Decluttering Network Graphs

Thu Nov 14, 2013

A problem that many of the co-citation graphs I discussed in the last post share is that they are too dense to be easily readable. I created the sliders as a way of alleviating this problem, but some of the data sets are too dense at any citation-threshold. Being able to view only one of the communities at a time seemed like a plausible solution, but I was far from sure how to implement it using d3.js. Solutions that involved pre-processing the data the way that I did for the sliders didn’t seem to be very useful for this problem.

I realized two months ago that I wouldn’t have time to learn d3.js (and javascript in general) well enough to solve this problem this semester, as I’m working very hard on teaching, research, and service. A few moments of lazy, idle scheming today, however, led me to this intriguing gist. The hard work of identifying centroid nodes of different communities and only generating their force-directed graphs when selected has already been done here. I wanted to add text labels to the nodes, to make them more like my other graphs. (The tooltip mouseovers just don’t seem information-rich enough for this purpose, though the graphs are certainly tidier without visible labels.)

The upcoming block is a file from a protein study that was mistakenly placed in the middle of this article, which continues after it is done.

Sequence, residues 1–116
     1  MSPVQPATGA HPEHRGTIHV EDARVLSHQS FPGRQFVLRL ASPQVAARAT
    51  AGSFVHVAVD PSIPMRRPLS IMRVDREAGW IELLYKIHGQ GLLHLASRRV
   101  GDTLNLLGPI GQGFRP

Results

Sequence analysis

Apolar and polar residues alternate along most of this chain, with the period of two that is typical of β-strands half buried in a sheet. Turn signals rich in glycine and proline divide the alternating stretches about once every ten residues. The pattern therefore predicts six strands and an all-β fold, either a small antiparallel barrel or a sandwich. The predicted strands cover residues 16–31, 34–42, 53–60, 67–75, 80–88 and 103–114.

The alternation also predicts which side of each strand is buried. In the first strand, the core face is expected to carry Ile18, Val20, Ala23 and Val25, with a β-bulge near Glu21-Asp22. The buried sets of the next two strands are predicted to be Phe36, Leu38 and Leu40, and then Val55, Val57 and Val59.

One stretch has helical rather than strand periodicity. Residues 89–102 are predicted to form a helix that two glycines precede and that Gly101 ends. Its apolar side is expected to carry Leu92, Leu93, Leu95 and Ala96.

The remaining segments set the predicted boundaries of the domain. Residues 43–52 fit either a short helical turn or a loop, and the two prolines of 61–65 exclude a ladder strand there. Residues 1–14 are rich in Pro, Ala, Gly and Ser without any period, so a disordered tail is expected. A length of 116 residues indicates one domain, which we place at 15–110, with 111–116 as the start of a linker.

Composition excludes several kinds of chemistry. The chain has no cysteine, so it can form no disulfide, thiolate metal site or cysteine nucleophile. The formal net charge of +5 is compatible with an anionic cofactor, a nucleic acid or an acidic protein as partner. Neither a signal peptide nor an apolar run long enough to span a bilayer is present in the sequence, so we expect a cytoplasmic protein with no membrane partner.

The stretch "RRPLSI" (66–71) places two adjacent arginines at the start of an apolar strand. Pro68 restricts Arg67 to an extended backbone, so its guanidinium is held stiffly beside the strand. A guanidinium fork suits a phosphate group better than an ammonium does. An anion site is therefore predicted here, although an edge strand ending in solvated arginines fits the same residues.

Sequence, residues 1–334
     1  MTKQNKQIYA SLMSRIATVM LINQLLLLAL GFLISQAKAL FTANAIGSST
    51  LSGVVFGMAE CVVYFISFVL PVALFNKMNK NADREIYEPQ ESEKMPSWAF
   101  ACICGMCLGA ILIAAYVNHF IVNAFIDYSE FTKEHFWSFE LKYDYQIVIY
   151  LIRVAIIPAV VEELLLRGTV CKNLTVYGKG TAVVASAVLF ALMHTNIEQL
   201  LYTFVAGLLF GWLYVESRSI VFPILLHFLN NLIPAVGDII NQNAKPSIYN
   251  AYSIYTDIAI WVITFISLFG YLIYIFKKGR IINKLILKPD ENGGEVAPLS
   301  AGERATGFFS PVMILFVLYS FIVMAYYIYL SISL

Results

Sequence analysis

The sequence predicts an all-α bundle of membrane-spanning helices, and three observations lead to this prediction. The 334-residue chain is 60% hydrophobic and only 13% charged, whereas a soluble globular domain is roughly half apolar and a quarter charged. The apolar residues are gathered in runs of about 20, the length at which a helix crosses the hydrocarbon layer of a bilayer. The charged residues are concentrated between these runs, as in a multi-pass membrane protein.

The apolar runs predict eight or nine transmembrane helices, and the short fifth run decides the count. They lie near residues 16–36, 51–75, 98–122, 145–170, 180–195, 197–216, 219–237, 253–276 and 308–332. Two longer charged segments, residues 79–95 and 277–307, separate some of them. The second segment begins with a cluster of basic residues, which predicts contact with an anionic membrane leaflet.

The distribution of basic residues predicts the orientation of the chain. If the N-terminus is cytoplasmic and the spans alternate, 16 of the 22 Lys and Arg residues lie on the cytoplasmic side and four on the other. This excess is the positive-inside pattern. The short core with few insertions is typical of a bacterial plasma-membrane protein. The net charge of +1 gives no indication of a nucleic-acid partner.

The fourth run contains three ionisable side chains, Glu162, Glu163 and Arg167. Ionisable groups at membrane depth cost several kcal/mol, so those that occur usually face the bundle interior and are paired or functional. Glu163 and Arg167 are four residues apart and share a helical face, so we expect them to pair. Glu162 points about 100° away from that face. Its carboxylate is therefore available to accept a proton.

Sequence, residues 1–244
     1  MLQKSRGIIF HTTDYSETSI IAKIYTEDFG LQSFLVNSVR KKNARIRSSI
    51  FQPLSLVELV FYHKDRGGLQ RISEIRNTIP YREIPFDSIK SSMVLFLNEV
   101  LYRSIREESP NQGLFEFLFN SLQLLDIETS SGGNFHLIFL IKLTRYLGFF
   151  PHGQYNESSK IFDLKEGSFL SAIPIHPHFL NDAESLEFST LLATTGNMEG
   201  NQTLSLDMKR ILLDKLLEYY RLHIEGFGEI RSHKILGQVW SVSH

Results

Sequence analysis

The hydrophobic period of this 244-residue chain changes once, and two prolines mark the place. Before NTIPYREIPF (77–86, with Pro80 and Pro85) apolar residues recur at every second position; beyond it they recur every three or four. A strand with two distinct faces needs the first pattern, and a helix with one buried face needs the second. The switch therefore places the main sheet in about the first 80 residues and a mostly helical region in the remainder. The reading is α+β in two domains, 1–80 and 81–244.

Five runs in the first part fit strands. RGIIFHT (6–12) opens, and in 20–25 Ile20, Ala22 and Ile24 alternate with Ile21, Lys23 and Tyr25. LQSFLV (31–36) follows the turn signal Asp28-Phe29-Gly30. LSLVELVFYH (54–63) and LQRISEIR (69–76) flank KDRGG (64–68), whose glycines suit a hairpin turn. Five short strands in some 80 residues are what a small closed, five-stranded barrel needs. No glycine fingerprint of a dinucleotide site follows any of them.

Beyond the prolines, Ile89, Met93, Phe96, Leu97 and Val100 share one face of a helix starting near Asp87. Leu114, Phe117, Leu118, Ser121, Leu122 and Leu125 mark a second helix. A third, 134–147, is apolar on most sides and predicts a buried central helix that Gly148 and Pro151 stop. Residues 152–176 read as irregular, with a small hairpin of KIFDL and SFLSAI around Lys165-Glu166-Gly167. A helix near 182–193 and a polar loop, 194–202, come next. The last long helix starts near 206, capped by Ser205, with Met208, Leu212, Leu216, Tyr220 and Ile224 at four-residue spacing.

As I should have realized, making this minor adjustment was far from easy. I eventually realized that I had to change the selection code from the DOM element “circle.node” to just the general grouping element “g.” With a few other tweaks to the force-layout settings, I tested it out with one citation graph that wasn’t too cluttered (compare here). By far the worst graph I’ve created for illegibility has been the philosophy of science one (see also here for an earlier attempt to make it more legible by adding a chronological slider).

Despite my best efforts, these floating balloons of philosophy of science aren’t a great improvement. Labeling the initial beach balls with the centroid node is probably a good idea, along with just some explanatory text. I do think a similar approach is the way forward with this particular technology for visualizing citation graphs. D3.js is very flexible and powerful, particularly in its ability to create and record illustrative animations. I hope to be able to do some more detailed work with it on citation graphs after the semester ends.